By Staff Writers
Are you wishing for a
way to help your youngest patients deal better with life-threatening illness?
Make-A-Wish has a suggestion… and the research to back it up.
Make-A-Wish South Dakota, part of the national organization that provides once-in-a-lifetime opportunities to children and young adults with life-threatening medical conditions, has had a chapter in South Dakota since 1984. That year, the organization granted six wishes to South Dakota children (the first was a chance to meet John Denver). Today, that number has risen to about 60 wishes every year and more than 1,130 total.
“If you think about the fact that these wishes impact not only the patients themselves, but also their families, we are impacting thousands of people across the state,” says President and CEO Paul Krueger.
Make-A-Wish is more than a fun distraction for sick children and their families. The organization’s mission is to measurably improve their lives – and support them in their treatment – through the hope, strength and joy that a “dream come true” can provide. Whether the dream is to meet a sports icon, travel to a foreign country, or go to Walt Disney World, evidence suggests that the experience does much more than bolster a child’s spirits at a critical time.
“A valuable aspect of Make-A-Wish is that it provides families with anticipation of a larger than life experience and helps them through some very trying times,” says Dr. George Maher, a pediatric oncologist at Sanford who calls Make-A-Wish “a valuable therapeutic adjunct.”
“Many families choose to travel to Walt Disney World which is, in many ways, ideal, in that it provides a physically sheltered environment and a nearly surreal atmosphere which allows families to escape crushing realities, regroup and return refreshed and ready to resume the fight,” he says. Even the planning and anticipation of a trip can go a long way toward relieving stress and anxiety.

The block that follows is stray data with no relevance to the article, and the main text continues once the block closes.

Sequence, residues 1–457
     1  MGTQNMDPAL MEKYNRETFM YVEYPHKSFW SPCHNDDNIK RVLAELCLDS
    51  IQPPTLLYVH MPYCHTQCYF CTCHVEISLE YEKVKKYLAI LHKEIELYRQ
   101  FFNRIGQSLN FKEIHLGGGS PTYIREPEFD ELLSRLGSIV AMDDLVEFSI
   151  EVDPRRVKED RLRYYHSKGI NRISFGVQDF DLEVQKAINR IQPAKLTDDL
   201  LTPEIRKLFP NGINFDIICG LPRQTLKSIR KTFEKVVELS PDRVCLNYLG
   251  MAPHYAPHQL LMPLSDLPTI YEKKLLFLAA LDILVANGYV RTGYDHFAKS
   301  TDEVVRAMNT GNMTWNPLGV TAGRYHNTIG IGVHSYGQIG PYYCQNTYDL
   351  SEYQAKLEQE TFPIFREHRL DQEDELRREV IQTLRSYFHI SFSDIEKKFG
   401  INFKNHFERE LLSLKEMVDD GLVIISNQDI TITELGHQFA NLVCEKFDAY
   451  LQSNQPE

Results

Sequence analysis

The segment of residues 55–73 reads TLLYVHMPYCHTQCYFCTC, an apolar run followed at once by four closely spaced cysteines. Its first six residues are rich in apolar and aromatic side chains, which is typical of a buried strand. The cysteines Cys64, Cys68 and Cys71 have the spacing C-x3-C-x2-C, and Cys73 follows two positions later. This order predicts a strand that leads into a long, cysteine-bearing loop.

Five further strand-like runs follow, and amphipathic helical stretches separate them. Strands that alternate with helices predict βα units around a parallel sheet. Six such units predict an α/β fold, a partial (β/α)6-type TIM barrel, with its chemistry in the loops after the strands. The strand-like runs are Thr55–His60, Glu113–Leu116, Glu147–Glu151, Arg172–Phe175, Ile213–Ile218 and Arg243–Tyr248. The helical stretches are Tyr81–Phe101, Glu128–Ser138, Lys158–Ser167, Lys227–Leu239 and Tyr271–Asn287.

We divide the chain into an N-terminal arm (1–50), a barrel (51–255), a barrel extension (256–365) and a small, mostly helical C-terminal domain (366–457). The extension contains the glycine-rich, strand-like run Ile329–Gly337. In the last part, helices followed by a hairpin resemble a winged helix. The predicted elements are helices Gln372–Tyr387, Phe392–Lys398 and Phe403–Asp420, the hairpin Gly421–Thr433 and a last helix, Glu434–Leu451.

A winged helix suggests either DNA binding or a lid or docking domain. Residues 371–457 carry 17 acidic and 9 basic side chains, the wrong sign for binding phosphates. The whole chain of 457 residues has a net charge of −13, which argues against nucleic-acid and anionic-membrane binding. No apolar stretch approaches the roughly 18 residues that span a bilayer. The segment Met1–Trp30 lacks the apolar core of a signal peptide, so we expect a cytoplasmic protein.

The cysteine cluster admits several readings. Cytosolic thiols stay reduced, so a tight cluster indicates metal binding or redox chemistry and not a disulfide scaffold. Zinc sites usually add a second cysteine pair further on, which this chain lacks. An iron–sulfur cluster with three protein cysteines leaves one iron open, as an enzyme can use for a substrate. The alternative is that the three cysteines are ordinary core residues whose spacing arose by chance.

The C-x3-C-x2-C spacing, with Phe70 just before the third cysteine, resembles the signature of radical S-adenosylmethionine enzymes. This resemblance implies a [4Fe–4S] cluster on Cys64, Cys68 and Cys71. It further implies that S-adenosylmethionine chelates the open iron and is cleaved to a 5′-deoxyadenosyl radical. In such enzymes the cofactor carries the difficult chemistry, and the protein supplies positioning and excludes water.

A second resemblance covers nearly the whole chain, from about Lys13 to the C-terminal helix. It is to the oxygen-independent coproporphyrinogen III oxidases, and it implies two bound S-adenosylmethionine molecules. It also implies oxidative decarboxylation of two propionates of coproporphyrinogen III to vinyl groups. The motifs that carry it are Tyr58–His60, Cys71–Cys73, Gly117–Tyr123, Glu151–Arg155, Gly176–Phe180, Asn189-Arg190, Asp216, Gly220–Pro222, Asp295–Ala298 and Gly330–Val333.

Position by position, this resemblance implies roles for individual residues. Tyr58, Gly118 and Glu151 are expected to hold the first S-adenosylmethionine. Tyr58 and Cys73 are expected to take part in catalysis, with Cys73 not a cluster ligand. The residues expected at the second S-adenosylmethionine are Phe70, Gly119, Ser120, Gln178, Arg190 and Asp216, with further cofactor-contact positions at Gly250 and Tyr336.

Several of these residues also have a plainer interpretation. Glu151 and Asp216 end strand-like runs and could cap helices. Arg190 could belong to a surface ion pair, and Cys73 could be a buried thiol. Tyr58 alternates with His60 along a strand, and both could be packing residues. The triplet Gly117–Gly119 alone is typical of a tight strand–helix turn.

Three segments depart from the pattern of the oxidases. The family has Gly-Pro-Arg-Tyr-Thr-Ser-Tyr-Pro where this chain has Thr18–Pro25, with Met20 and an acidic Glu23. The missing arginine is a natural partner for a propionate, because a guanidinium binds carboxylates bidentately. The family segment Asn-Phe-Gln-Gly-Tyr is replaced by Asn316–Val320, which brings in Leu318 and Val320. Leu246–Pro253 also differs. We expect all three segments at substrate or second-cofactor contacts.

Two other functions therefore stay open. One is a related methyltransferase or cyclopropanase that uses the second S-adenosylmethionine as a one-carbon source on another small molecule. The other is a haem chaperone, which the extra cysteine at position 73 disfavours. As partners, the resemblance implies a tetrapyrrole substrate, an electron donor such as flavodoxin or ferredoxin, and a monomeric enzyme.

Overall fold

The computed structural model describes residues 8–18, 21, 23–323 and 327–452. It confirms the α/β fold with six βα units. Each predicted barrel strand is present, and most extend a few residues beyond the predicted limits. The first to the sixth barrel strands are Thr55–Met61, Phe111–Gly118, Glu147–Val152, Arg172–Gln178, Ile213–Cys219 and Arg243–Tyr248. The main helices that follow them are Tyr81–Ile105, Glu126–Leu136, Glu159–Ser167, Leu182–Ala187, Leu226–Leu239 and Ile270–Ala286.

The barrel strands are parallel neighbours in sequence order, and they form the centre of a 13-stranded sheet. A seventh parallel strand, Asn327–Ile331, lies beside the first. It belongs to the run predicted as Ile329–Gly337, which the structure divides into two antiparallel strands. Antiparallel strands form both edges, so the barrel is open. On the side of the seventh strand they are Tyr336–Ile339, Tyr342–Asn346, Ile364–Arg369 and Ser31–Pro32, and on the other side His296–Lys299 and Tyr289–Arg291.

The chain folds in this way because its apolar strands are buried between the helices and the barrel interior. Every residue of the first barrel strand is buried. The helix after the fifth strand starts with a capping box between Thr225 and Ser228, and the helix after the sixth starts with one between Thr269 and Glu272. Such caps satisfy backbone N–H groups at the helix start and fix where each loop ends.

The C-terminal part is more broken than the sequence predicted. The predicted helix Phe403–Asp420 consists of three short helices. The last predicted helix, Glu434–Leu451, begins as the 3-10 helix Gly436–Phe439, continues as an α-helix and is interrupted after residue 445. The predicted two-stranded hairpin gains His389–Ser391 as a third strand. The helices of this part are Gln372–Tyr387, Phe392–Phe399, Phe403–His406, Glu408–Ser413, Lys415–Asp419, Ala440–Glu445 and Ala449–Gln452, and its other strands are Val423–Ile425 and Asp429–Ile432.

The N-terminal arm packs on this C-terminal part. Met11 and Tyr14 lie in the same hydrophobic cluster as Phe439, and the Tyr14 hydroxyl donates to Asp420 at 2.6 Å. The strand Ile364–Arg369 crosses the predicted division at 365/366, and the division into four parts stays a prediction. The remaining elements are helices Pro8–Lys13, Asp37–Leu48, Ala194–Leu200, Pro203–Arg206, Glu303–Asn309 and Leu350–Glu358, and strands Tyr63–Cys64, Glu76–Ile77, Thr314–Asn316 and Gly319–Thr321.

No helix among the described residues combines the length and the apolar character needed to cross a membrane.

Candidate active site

According to a 2012 national ‘Wish Impact Study’, adult former wish kids, wish parents, and attending health professionals agree that the wish experience
· Can improve overall physical health
· Can mark a turning point in a child’s battle for health
· Makes kids feel stronger and more energetic
· Helps kids comply with difficult but vital treatments
· May help save their lives (according to the majority of adult former wish kids)
Krueger says Make-A-Wish’s vision is to grant a wish to every eligible child and, unlike many non-profit organizations, they have the means to make it happen. But referrals from healthcare professionals, one of the largest sources of new wish kids, lag behind the number of eligible children. Krueger suspects that it may be because too many are confused about the eligibility requirements.
“A lot of people still think that we only serve kids who are terminally ill and that just creates unnecessary stress for families,” says Krueger, who calls health professionals “the eyes and ears of Make-A-Wish” in the community. Nationally, about 70 percent of wish recipients do go on to beat their illnesses.
“Sometimes people will say that they don’t want to ‘take the opportunity away from another child’ by accepting a wish, but we work hard to have the funds to be able to grant the wish of every child who comes our way,” says Krueger.
Individuals with direct knowledge of the child’s illness, including parents, family members, doctors, nurses, social workers, and even the sick children themselves can make a referral to Make-A-Wish, though a physician has to confirm that the child meets the criteria. To be eligible, a child must be between 2 ½ and 18-years-old and facing a life-threatening condition at the time of referral.
Some of the most common conditions prompting Make-A-Wish referrals are cancer, heart conditions, cystic fibrosis, organ transplants and duchenne muscular dystrophy. Chronic medical conditions such as diabetes or developmental or psychological disorders do not qualify.
“Ideally, we like to have kids referred when they are right in the middle of battling their illness because that is when things can seem darkest and we can give them something to look forward to,” says Krueger. “We believe that every child with a life-threatening illness deserves the chance to have a life-changing experience.”
Do you have a young patient who could use a “boost”? Here’s how to refer them to Make-A-Wish:
Phone: 605-335-8000 or 800-640-9198
Find out more at southdakota.wish.org